The Greatest Show on Earth? The Circus in Light of Proposed Legislation

Somehow I’m on a Ringling Bros e-mail list.

An Asian Elephant (Elephas maximus) and baby a...

Image via Wikipedia

Today I got a link to their Ringling Bros Center for Elephant Conservation as part of their campaign against legislation that would effectively prohibit them and other circuses from using animals in their traveling shows.

Okay, so I kind of fibbed up there. I know how I’m on their list: we went to the circus a couple of years ago.

There, I admitted it. Now you’re going to take away my “crunchy” credentials, aren’t you? If it helps, we left early because it was too intense for my daughter.

Sitting under the Big Top is a treasured childhood memory (closely linked with the memory of eating cotton candy, which I love), but I’ve only been once in the past 20 years because I feel so conflicted about the circus. And now that I’ve been, I don’t plan on going back. My favorite acts are the “people” acts, and my concerns about the animals detract even from my enjoyment of seeing motorcycles racing around in a giant mesh sphere.

When I took my daughter and my husband a couple of years ago, we visited the animals before the show. They seemed, to my untrained eye, healthy and well treated. But they were standing on the paved parking lot with just a little straw under foot with hundreds of yokels (including me) gawking at them. It seemed undignified and very sad. And who knows what things are like when the crowds aren’t there.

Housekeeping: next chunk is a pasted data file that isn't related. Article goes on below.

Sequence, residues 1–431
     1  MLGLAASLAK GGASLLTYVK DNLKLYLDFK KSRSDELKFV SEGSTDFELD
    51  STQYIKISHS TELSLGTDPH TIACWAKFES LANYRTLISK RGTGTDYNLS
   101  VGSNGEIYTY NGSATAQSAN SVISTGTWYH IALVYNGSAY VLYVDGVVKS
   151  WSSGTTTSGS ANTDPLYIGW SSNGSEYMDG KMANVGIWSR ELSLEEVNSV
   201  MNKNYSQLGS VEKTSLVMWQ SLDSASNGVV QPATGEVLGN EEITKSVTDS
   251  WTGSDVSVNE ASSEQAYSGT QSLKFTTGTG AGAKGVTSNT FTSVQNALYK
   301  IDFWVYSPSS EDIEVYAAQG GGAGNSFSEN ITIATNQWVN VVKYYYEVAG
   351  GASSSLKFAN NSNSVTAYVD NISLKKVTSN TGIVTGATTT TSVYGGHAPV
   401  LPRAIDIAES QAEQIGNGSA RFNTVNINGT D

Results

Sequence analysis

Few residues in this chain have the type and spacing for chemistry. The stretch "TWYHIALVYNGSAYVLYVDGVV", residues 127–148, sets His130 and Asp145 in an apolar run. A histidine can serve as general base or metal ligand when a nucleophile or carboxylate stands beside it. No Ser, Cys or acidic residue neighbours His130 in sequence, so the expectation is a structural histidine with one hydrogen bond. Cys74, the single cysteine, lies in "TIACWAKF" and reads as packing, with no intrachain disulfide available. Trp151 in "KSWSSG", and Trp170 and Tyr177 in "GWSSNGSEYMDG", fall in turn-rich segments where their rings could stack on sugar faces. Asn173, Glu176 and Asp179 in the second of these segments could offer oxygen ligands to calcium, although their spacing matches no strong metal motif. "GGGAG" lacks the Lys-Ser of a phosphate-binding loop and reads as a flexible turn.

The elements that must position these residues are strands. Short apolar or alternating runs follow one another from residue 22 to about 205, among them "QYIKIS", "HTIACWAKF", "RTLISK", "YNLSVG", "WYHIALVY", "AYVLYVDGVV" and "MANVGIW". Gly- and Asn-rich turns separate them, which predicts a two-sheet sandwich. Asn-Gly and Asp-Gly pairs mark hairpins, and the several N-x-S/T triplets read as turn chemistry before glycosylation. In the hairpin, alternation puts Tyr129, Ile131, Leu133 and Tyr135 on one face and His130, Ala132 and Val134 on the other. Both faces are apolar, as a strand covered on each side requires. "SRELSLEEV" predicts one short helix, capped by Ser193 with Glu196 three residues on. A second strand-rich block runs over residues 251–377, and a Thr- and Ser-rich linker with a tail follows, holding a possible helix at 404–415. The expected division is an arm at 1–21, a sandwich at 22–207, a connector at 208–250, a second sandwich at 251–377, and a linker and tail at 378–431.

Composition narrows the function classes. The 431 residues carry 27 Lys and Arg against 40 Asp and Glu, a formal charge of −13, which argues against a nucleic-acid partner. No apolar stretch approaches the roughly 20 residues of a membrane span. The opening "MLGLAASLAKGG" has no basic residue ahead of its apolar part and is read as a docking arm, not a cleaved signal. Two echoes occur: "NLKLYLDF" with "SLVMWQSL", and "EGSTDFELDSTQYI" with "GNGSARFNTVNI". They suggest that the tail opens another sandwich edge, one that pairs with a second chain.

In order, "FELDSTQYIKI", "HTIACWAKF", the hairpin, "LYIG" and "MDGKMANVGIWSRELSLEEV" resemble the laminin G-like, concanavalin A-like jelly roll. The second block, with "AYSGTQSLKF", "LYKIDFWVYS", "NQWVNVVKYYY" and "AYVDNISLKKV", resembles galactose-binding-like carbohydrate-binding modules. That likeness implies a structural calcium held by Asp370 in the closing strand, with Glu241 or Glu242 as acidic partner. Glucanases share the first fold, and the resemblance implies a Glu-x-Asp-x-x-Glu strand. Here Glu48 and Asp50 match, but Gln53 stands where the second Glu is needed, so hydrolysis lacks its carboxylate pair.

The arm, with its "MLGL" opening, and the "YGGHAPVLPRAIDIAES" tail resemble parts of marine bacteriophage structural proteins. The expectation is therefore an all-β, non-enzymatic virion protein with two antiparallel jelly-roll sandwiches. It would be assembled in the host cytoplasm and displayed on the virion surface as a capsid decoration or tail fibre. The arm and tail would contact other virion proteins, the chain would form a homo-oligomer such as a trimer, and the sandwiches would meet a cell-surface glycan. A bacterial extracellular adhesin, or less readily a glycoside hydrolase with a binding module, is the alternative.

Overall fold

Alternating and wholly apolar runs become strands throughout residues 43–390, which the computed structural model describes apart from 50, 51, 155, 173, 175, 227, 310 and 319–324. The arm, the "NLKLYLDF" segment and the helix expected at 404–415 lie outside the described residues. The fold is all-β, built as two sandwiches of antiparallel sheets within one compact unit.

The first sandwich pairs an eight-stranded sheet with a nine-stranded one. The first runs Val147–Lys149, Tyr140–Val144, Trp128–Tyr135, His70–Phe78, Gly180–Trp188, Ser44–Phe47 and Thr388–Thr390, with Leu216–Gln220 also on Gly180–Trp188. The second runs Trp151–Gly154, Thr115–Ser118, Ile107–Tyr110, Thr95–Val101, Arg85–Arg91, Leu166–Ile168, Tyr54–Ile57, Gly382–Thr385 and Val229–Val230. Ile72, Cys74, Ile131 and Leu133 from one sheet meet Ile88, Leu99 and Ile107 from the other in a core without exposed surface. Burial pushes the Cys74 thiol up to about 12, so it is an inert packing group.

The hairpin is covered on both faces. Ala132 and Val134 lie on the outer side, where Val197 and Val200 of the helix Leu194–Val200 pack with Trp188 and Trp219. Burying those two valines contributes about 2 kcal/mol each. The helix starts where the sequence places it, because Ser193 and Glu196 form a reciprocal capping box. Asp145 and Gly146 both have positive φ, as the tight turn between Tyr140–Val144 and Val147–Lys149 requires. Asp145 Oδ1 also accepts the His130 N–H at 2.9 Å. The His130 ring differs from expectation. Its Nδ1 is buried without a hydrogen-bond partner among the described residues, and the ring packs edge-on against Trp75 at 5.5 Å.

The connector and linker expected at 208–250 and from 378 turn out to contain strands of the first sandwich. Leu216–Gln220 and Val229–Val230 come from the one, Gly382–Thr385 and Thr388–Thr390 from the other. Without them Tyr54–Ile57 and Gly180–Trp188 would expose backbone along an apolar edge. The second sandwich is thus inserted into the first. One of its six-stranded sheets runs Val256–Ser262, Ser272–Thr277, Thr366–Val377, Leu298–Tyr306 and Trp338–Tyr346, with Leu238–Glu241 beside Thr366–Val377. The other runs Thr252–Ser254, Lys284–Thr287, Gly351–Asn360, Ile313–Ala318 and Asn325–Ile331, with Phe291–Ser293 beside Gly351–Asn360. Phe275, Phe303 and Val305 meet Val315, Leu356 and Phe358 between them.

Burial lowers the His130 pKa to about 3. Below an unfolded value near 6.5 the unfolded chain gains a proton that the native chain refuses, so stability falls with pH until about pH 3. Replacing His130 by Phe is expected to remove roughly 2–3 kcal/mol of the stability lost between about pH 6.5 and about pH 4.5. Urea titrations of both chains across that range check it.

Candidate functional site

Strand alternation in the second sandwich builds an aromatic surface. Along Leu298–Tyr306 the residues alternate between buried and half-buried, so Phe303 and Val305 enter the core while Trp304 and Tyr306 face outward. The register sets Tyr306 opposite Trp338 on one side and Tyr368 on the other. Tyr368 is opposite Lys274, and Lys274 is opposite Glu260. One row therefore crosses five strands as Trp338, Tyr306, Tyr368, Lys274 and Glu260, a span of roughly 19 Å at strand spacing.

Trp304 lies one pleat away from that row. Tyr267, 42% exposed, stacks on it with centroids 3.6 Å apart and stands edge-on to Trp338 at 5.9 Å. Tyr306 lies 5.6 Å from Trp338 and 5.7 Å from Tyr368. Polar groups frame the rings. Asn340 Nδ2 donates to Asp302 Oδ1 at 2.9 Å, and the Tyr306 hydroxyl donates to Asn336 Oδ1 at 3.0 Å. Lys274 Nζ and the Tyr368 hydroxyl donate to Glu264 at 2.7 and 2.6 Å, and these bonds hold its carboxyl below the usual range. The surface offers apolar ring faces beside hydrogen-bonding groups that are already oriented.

I believe that endangered animals deserve to be in their natural habitats, not in captivity. But the reason they’re endangered is because of trouble in their natural habitat (toxins, overhunting, habitat loss, etc). It feels wrong to intervene in the lives of wild animals, but just by being here and acting like humans, we’re already intervening in their lives. It feels wrong not to intervene on their behalf after we’ve had such a negative effect on them.

If we humans want to help these species survive, it seems as though we need to protect and bring back their habitat at the same time we help them increase their numbers with breeding programs.

I think about the California condor and how it was on the brink of extinction due to DDT poisoning. The San Diego Zoo, among other entities, helped breed them in captivity while at the same time, legislative pressure brought about bans on DDT and the condor’s habitat was allowed to heal. Then the condors were released back into the wild. While they’re still endangered and their breeding success in the wild seems limited, their numbers are increasing in captivity. This is a species that could be extinct were it not for human intervention, but it remains to be seen if they can survive outside of captivity.

If the Ringling Bros Center for Elephant Conservation is, as they claim, “the most successful Asian elephant breeding program in the Western Hemisphere,” it seems like that’s a good thing, right?

Of course, that’s just one part of their business, and certainly not the most well-known part.

Condor chick being fed by condor feeding puppet

Image via Wikipedia

And of course, a big difference between Ringling Bros and the San Diego Zoo condor program is that the zoo’s purpose the entire time was returning the condors to the wild. They minimized human interaction to the point of using condor hand puppets to feed the chicks so they wouldn’t imprint on their human care providers. I’m not sure about the Center for Elephant Conservation, but not much of this seems to be going on in the traveling shows.

What do you think? What level of involvement should humans have in protecting other species? Is it appropriate to use animals for entertainment if it helps fund other “good” programs*? Is it ever appropriate to use animals for entertainment (like in zoo/aviary educational shows)? Do you believe that Ringling Bros is sincere about its conservation efforts, or is this just PR?

* So far I’ve found nothing on the Center for Elephant Conservation website indicating where their funding comes from, so this is just a hypothetical.

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8 comments

  1. Cathy Trahan · November 10, 2011